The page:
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M4 Gas Piston Tech Data


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does anyone have any tech data on the Benelli M4 gas pistons? Such as what type of stainless steel they are made of? I don't expect to find blue prints of the pistons -- those are fairly easy to blue print anyway.


I'm meeting with a machinist next week in Communist California to see about having US made pistons produced.


Hey SD,


What part of the Peoples Republic will you be in?

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San Pedro, where I'm originally from. Up for the holidays for a few days. There is a lot of talent there along the docks.


I'm grew up in the L.A. area myself and was commuting down that way a lot a couple years ago. My GF is a veterinarian and had an internship in emergency medicine for a year down there in Torrance.



Hookster :)

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I grew up there as well. But moved to a free State in the early 90's. Best lifestyle change ever!

Torrence can be a rough area. I'm sure Michael Vick would love it. Between dog and rooster (their real name is banned) fights, there is something for everyone.


I agree that the heat treatment will be the hardest thing to perfect. I don't plan to do it, we plan to outsource the heat treating process to another company that can assure some level of quality control. Too hard and the pistons will shatter. Too soft and they will deform from impacting the BCG.


I'm looking at finishes also. I think Robars NP3 would be the best. Easy to wipe clean and self lubricating due to the imbedded Teflon.


I spent some time looking at exactly how the ARGO functions. It isn't as much Elven magic as Benelli would lead everyone to believe. If you disassemble the ARGO system, and look down the threaded side of the barrel where the gas plug attaches, you can see the port that opens up to the barrel. It is easy to see why the 4 port models destroyed the BCG and snapped pistons.


There isn't much gas regulation before the gas meets the pistons. Whatever enters the gas ports through the barrel is going to imping the piston. The gas plug will bleed off excess pressure after the cyclic action has occured. The end of the piston actually makes a poor seal against the gas plugs regulator. Chances are, most sissy loads won't even vent out the gas plug. The majority of the gas and suspended carbon will be channeled rearward around the loose fitting pistons. This is why sissy loads cycle slower than full house high brass loads. What is interesting is the 4 port version was unable to bleed enough off through the gas plugs to prevent damage. My guess is the initial spike of pressure was cycling the action before the ARGO had the chance to bleed the gas off.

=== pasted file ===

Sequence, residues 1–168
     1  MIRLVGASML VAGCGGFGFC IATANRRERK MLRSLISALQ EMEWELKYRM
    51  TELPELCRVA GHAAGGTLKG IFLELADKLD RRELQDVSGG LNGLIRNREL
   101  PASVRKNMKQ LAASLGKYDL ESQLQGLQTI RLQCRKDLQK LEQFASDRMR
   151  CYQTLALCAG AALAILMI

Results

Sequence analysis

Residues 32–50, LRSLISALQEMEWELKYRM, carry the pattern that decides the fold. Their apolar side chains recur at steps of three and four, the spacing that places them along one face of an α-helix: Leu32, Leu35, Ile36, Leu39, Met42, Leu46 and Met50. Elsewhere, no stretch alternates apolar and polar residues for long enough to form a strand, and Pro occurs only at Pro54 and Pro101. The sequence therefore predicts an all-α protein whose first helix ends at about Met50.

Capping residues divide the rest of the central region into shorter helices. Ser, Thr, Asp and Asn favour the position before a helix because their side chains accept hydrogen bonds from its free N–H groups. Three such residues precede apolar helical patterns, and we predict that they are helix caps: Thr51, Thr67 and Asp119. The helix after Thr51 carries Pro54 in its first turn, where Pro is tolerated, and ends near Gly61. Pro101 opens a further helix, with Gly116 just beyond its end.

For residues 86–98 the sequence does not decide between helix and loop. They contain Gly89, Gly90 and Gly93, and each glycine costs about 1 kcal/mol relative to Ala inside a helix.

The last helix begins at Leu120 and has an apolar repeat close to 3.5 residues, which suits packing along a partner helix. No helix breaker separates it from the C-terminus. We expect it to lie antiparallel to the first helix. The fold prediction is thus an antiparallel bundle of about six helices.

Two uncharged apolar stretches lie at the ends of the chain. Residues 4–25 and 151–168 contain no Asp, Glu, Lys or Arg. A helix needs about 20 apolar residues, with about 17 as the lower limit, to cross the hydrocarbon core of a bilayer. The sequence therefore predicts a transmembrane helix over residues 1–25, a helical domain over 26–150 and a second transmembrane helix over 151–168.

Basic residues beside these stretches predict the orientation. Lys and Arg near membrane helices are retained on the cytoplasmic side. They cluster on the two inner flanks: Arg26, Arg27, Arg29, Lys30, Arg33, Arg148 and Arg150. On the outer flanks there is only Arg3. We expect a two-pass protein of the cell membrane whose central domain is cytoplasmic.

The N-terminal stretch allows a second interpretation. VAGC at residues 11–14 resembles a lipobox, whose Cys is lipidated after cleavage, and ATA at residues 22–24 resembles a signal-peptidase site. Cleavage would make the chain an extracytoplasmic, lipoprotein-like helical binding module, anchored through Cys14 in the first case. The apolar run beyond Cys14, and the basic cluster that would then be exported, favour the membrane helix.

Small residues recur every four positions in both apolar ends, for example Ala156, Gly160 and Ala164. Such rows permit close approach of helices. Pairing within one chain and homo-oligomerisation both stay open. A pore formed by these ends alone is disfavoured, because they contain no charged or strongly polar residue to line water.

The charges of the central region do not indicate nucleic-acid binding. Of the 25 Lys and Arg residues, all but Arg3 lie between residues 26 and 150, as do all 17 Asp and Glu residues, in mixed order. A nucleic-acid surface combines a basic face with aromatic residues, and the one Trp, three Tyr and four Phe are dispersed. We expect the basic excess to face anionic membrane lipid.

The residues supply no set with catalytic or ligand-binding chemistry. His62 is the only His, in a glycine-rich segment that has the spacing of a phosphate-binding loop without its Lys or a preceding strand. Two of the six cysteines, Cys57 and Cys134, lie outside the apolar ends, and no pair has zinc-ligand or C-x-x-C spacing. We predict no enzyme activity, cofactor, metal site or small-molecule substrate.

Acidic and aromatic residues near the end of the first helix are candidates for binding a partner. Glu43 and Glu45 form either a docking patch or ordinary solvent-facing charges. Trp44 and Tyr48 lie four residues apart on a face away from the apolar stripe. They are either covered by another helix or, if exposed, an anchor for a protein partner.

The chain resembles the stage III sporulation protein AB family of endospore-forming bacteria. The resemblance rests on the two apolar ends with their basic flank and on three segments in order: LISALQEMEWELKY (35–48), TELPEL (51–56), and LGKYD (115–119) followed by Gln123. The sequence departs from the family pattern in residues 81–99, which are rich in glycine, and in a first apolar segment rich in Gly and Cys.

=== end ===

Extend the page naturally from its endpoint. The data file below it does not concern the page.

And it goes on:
The reason that everyone says not to oil the pistons is due to the smoke you'll create. The oil will collect carbon deposits too. There is no benefit to oiling them either. The only contact points are polished smooth along theraised ridges of the piston.

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Do you have any spares? If you get some as spare parts there are ways of determining the alloy and heat treatment. Unfortunately, the tests are destructive; grinding spark tests to determine alloy and cutting sections to check heat treatments. The steel companies used to provide some of these services for free to the machine shops. It might be worth asking around. If there is an Engineering college near you, you may find a helpful professor or student willing to do some testing for you for free.

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Good idea about connecting with a college. If I have to buy another factory one, that is fine also. We'll use the best canidate we can find for the job being performed. Then see what the company has to say regarding wha method of heat treatment should be performed. I have a feeling that there is a variable heat treatment on the factory ones. I have snapped a factory piston in the past. So if we have the potential to over-build the piston, we will.


Then, I'll do some real world testing on a set the fun way.


Brownells wants 90 dollars each for a gas piston. That is with my discount. 115 without.

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